Hi there. I actually had the same problem initially. Did you mount the RetroPie image to an SD card or did you do the full (and super long) installation? I initially did the SD card mount route and was getting the black screen. I couldn't find an exact solution but after switching to a new SD card (and following the proper steps to mount the image :P) it worked. My best advice would be to try another SD and carefully follow the instructions to mount the image found here: http://supernintendopi.wordpress.com/http://supernintendopi.wordpre.... If this doesn't work try to install it over the internet (it just takes FOREVER, almost 24 hours for me). I hope this helps. Let me know how it goes.

Shame on me, I can change the resolution in the GPUI of retroarch, but I can't save it ^^, Must find why!!!
But the problem for the resolution of the LXE desktop is not resolve....is it matter for a portaberry? I think no ^^
I'm just a Noob that try to setup a thing he never touch, and think he can setup it with facility....

Hi, first I do the super long install but something was wrong, and cannot launch retropie, maybe a bad install (I'm clearly a noob with Linux and the pi),
So I search for solution and found the SD card image, after install it on the SD I was abble to see something after splashscreen, but resolution was too high (720/480) for the screen and give some sparkling and the LXE desktop was not readable.
I try to config the config.txt with the config I take with raspbian (for the long install) with
framebuffer_height = 272
framebuffer_width = 480
sdtvaspect = 3
end set the overscan...
But with this, got always black screen -
-, try to change the http://runcommand.shruncommand.sh to 2 in the ES_config, config video fullscreen X/Y in retroarch.cfg, try lot of thing but allways this fuc*%# black screen, so I don't know what I must do to have the good resolution for screen and retropie....
For now I leave the config.txt with all the basic setting give with the SD image, but it's run to 720/480...I don't like it but this works :(

Hey Djamuka sorry you're having problems. I'm a bit of a noob to the raspberry pi myself. What type of display are you using? By the resolution you mentioned I'm guessing your using the composite video out from the pi. If possible have you tried it using HDMI out? Any luck?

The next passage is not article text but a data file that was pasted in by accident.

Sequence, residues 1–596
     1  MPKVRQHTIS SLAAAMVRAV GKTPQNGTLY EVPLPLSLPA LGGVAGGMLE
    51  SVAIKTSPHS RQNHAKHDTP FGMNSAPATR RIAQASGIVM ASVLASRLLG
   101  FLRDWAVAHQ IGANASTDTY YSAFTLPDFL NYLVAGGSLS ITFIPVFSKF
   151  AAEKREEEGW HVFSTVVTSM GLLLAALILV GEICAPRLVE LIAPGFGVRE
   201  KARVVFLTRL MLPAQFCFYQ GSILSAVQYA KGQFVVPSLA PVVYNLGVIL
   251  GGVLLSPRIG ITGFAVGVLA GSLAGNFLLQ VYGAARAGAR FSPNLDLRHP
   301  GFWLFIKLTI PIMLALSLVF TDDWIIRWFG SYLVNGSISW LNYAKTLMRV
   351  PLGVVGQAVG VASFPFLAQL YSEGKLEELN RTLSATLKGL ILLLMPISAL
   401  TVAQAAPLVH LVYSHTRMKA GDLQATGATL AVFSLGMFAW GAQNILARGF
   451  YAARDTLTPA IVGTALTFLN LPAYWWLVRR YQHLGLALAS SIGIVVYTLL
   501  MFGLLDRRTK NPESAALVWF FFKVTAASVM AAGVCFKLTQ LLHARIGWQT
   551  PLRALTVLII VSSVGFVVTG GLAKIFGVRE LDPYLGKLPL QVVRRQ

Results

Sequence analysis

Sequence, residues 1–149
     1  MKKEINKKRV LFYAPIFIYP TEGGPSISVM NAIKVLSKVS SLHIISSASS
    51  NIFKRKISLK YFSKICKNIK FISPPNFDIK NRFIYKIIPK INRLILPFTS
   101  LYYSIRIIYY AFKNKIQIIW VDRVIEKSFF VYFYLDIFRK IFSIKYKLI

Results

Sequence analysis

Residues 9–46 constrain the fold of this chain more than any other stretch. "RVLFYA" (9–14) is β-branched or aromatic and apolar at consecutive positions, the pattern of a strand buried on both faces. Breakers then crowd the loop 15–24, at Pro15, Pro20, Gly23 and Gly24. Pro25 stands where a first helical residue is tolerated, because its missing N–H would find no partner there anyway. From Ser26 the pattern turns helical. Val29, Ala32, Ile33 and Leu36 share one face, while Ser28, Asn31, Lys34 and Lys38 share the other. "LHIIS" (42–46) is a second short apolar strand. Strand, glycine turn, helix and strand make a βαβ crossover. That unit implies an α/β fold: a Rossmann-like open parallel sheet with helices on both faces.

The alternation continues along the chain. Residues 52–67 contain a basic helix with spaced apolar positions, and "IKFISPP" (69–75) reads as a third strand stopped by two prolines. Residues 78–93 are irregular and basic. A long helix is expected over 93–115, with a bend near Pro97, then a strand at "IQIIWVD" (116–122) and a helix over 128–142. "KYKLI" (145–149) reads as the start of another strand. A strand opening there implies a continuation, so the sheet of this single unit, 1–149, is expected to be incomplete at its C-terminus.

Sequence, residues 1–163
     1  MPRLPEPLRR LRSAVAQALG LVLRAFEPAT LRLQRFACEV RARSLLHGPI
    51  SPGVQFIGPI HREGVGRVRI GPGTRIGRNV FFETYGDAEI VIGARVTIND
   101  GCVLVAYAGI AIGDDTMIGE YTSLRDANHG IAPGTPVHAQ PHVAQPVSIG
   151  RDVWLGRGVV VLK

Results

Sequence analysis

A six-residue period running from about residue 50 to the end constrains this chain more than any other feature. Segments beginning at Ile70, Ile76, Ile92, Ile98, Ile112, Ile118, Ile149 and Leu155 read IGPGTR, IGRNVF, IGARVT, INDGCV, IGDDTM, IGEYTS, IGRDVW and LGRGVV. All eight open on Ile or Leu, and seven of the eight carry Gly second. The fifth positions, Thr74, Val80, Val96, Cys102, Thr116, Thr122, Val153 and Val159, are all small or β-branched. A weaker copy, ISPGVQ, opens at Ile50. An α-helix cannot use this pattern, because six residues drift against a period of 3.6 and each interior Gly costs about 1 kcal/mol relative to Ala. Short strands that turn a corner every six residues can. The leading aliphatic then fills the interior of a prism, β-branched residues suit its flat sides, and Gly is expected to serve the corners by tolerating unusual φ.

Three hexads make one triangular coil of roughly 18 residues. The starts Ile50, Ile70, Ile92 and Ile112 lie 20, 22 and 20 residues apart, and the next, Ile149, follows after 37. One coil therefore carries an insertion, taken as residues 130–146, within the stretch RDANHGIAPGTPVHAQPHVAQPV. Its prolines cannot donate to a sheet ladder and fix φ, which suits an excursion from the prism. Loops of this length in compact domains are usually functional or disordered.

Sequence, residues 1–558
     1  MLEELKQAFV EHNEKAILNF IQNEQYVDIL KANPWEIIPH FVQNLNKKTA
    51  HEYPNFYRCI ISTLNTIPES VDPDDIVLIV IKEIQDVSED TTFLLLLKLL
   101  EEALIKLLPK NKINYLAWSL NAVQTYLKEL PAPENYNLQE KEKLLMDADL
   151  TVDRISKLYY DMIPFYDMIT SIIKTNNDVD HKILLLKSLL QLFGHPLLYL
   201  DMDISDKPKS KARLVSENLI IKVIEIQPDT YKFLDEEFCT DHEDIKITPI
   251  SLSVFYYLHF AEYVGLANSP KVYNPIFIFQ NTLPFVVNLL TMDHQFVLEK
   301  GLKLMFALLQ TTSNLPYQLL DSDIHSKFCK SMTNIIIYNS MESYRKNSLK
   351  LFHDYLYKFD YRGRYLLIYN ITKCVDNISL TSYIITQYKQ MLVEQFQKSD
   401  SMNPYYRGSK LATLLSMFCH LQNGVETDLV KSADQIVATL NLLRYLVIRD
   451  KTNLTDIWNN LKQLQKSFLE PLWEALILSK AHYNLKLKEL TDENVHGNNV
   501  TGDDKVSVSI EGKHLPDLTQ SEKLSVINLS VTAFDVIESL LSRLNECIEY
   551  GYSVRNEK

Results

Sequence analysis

Soon to be leaving thingiverse because of Makerbot's behavior towards open source.
Details: http://www.fabbaloo.com/blog/2014/5/25/has-makerbot-crossed-the-line-for-some-yeshttp://www.fabbaloo.com/blog/2...

Very interesting project.
How do you get the 12v for the display?
You only have the batterie pack with 9,6v and the hobbywing for 5v.

The display is running directly on 9.6v. The step down converter built into it is speced for 12v (for use with car batteries) so there is definitely an efficiency loss but it is manageable. I've seen a few projects from other folks in which they completely bypassed the step down converter and ran the screen directly on 5v

What build platform size do you need to be able to print this. Any quick pointers on what you would do differently 2nd time around?

My printer has an 8X8" build platform and this really pushed it to it's limit. Also, my printer seems to have issues printing large flat surfaces so I cut the case into as many smaller pieces as I could (this gave the added benefit of spreading out the risk over multiple prints). I actually plan on making another version of this and these are the changes I plan in order to make the new one smaller/cheaper/easier:
1)Solder Audio/Video/Power/USB connections directly to the raspberry pi: If you can see in the pictures, the RCA, Audio, USB, and micro USB connections on the raspberry pi take up a lot of space. Plus, all the required cables cost me nearly $30. In the future I believe it would be much easier to just solder the connecting wires directly to the tabs on the raspberry pi board (and potentially remove the now unnecessary connectors). This would save loads of space and money.
2)Ditch the split-control layout: While having the joystick left and actions buttons right looked and handled well, it added a ton of extra confusion and wiring. In the future I plan to go to a classic Gameboy control layout and mount all the buttons to a single PCB.
3)Li Ion batteries: They are smaller, lighter, and have greater power density than the NiMh batteries that I used. Just have to be careful with them
4)Lighter gauge wire: I originally thought 22 awg was pretty light but it quickly filled the case and became a nuisance.
So ya that's about it. Anything that makes the design smaller leads to less printing and makes for an easier project. Hope this helped. Any other questions let me know.